UTG INTERVIEW: Northlane, Backstage At ‘Big Day Out’


Emerging from the youth centre stages of the multi-cultural melting-pot that is Sydney’s western suburbs, Australian progressive metalcore powerhouse Northlane have been riding an irrepressible wave of momentum of late that has seen them rise from relative anonymity to the very forefront of the Australian heavy music scene. Much of this rapid ascension can be attributed to the stunning success of their second full-length album Singularity, a record which saw them earn critical acclaim, both at home and abroad.

An unexpected chart success on home-soil, Singularity debuted at number one on the local iTunes chart and an impressive number three on the ARIA charts, gifting these Blacktown lads with the kind of exposure that opens up doorways to the rest of the world. Doorways which the band stormed through in 2013 as they secured an international release of Singularity through Canadian label Distort and embarked on a heavy touring schedule that saw them play over 150 shows in 18 countries.

Finally back in Australia to perform on the Big Day Out festival (alongside the likes of Pearl Jam, Deftones, Arcade Fire and Snoop Dogg) as it tours around Australia, the positive, passionate, and as it turns out, incredibly polite lads, took some time to speak with us backstage, granting an inspiring insight into the best year of their life and the commitment, drive and unwavering self-belief that made it possible.

UTG: It’s a long way from Blacktown Masonic Centre to the stages of the Big Day Out, what does it feel like to be here?

Adrian (Vocals): I always say that the Big Day Out is one of those festivals that any aspiring Australian artist would dream of being a part of, so without sounding too cliché, it’s a dream come true for us, and we are extremely grateful to the Big Day Out for making that dream a reality for us, especially considering the nature of the music we play

UTG: Speaking of the music that you play, there has been a definite influx of Australian heavy bands making inroads overseas of late, with the likes of yourselves, Dream On, Dreamer, The Amity Affliction and Hands Like Houses achieving significant success overseas. What do you think it is that is leading to so many bands being able to breakthrough?

Jon: I think that Australian bands have some sort of special quality about them. Considering we are on some fuck off island in the middle of nowhere, with a small population that’s spread out so much geographically, it forces us to have to work harder to get anywhere. So when we do eventually breakthrough and get those opportunities overseas, we’re ready to give it our all,  and audiences are really supportive of the effort it took to get there and are appreciative of and respond to that

Adrian: We’re quite isolated here in Australia and I can see how in the past it might have been easy for the world to not know what was happening in Australia, but with the advance in technology such as downloads and streaming services enabling us to be able to share songs with the world instantaneously, and then just as importantly be in direct contact with people as they respond to that music, when coupled with the success of bands like Parkway Drive and The Amity Affliction, it has really opened up the world’s ears to what’s going on here in Australia, particularly in our genre.

UTG: 150 shows in 18 countries last year, that must have been an insane experience for you all. What was the most memorable experience that you can think of?

Adrian: Fuck man, the whole year.

Jon (Guitar) The most useful memorable experience was having new experiences, which was constantly happening.

Nic (Drums): Well that’s it, last year we definitely broke boundaries that we’d definitely never gotten to prior to this year, we’d never gone to Europe, we’d never gone to the states, so basically it was just a whole year filled of breaking boundaries and having new experiences that we didn’t necessarily think were possible previously and I think that year in general was such a memorable experience for all of us.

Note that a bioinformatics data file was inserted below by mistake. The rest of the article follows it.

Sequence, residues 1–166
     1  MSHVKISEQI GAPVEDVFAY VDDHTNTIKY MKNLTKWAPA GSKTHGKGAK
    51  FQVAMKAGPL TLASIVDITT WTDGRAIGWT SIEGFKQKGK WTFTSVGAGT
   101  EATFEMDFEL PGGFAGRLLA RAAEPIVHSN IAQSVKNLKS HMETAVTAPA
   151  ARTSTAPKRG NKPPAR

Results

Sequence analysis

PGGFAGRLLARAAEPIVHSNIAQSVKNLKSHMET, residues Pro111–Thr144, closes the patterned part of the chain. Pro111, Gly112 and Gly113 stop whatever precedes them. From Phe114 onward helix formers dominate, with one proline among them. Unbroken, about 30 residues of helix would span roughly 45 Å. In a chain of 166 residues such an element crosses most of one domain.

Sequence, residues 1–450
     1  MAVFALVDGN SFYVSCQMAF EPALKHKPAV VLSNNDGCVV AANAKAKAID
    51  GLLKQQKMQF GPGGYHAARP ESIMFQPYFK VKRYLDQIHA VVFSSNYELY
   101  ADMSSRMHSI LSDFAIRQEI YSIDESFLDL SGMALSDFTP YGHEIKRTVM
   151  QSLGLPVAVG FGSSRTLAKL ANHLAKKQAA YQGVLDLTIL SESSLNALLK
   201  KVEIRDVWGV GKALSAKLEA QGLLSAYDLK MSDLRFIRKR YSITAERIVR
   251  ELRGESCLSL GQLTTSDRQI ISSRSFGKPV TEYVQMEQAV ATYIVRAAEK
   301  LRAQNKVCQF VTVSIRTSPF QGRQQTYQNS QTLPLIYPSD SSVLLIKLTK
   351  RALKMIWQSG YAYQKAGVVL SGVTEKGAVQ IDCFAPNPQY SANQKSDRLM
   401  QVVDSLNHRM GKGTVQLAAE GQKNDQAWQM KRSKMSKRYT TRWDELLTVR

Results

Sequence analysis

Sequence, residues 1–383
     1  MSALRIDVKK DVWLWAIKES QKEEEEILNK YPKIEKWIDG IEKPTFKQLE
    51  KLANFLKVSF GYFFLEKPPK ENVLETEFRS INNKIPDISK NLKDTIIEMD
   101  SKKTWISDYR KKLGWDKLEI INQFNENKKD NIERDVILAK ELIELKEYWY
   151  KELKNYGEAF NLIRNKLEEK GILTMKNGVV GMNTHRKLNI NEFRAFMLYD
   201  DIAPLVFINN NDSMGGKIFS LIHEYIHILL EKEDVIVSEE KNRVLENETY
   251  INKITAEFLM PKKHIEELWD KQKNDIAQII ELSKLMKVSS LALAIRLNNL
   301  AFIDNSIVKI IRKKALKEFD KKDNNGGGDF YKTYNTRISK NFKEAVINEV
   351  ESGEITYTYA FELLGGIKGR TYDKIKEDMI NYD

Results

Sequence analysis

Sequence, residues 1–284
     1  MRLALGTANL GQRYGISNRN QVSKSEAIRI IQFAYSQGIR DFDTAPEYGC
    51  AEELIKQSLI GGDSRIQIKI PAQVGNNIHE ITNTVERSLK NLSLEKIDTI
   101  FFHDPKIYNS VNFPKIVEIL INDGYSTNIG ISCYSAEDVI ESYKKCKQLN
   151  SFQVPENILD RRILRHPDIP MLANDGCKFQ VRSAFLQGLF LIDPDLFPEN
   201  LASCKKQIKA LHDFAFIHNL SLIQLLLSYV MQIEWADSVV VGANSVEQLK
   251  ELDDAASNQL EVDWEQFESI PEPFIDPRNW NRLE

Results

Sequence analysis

Adrian: I’m a big loser, I like doing sightseeing and stuff, so when we got to see things I was just so stoked, like we went to Russia for instance, which was wild, I mean if we weren’t in a band we’d probably never had the opportunity to go to Russia.

Nic: We’re all big tourists, and I know personally I am grateful for the band providing me with so many opportunities to see the world and experience things that I otherwise would never have had the chance to have. We’d never have been able to see as many countries as we have without the band.

Adrian: This past year, 2013 has just been the most incredible experience, so our goal for 2014 is to make it even better than that.

UTG: Speaking of 2014, the year is getting underway with a bit of victory lap for Singularity isn’t it, with this slot on the Big Day Out?


Adrian: Yes, you could say that.

UTG: Adrian, you’re on record at 17 as saying that you knew the music you were writing in your bedroom with these guys was some of the best heavy music being produced in Australia at the time, does the success of Northlane mean that you were right?

Adrian: I was talking to my mate about this the other day actually, and all I could put it down to was that at some point in life, you just have to go with your gut, and I think that when you do that, you’re barely ever wrong.

Nic: I think there is actually a scientific basis for that. Personally I think if you back yourself, no matter what you are trying to achieve then you can come close to, if not achieve beyond what you set out or intended to and I think that’s one thing that this band has always done, is back ourselves 110%, no matter what the cost or the risks involved.

Jon: If you don’t back yourself, who else is going to?

Adrian: I feel that the fact that we’ve been so behind what we are doing has helped us a lot, we’ve all been so confident, dedicated and committed to what we are doing, that I feel that what’s happening now is testament to that work we put in. You only get out what you put in, so everything we are achieving now is pay-off for the work we’ve put in.